There has been significant research on women’s experiences of domestic violence (DV) as well as on the women’s help-seeking behaviors when living with partner abuse. Most of the Australian literature has focused on nonimmigrant women. We know that help seeking can include informal sources such as family, friends, religious leaders, and colleagues or formal assistance from police, doctors, social workers, counselors, and DV agencies. The current study aims to contribute to the literature on help seeking by looking at what has been found concerning immigrant DV survivors and complementing that with interview material from a sample of 14 Muslim immigrant DV survivors in New South Wales. First, we look at barriers that these women may encounter in seeking help and the non-help-seeking strategies they may employ. We then see what may trigger seeking help (including before and after leaving the abusers). Next, we look at how the two types of help seeking are used to better understand the positives and negatives of these pathways. This article ends with some suggestions for developing more appropriate and targeted strategies to assist abused immigrant DV survivors and their children.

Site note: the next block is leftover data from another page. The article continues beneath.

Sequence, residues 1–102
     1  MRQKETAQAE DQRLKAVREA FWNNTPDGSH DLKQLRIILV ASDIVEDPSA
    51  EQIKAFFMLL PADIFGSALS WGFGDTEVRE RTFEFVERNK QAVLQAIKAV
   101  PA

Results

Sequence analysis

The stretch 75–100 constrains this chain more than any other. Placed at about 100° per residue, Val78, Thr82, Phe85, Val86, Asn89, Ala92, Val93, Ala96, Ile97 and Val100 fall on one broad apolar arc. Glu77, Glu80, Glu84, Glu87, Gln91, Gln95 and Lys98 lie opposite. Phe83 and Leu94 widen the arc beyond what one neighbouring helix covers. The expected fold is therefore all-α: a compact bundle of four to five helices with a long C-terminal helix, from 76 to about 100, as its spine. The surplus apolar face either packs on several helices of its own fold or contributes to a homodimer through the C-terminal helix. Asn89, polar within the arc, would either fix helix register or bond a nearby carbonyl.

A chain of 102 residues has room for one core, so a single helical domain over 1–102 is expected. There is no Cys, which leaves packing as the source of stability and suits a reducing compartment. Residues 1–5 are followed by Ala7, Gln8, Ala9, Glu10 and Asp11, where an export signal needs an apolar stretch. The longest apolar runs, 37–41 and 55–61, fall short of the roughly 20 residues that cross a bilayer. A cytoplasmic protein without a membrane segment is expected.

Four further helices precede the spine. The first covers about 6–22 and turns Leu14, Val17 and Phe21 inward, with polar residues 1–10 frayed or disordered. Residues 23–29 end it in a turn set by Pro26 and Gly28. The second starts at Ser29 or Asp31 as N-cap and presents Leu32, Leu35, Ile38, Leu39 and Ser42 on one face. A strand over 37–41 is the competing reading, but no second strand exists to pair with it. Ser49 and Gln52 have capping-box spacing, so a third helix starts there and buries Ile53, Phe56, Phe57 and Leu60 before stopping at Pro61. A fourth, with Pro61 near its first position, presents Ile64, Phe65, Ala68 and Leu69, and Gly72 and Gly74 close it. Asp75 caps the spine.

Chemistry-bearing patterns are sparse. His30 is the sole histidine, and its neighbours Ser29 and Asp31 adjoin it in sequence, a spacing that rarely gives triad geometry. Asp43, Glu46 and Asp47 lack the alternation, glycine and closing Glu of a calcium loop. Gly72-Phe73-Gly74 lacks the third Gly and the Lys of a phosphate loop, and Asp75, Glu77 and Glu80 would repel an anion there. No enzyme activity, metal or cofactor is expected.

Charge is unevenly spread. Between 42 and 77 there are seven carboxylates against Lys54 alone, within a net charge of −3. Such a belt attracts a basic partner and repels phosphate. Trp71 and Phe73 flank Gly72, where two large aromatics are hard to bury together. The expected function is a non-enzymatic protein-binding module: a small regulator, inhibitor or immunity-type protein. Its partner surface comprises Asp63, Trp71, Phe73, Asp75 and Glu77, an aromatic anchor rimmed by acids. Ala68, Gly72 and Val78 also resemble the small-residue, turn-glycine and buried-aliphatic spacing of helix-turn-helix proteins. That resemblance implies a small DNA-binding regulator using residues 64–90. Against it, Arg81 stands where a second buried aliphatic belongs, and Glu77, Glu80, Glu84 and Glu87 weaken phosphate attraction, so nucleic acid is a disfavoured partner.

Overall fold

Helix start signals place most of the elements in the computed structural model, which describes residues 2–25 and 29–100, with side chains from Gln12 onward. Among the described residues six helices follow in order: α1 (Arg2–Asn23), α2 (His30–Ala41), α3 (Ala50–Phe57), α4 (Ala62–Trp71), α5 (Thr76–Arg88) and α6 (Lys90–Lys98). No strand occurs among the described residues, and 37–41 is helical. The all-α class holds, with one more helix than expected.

SOURCE: Ghafournia, N., & Easteal, P. (2019). Help-Seeking Experiences of Immigrant Domestic Violence Survivors in Australia: A Snapshot of Muslim Survivors. Journal of Interpersonal Violence, July 24, 2019.
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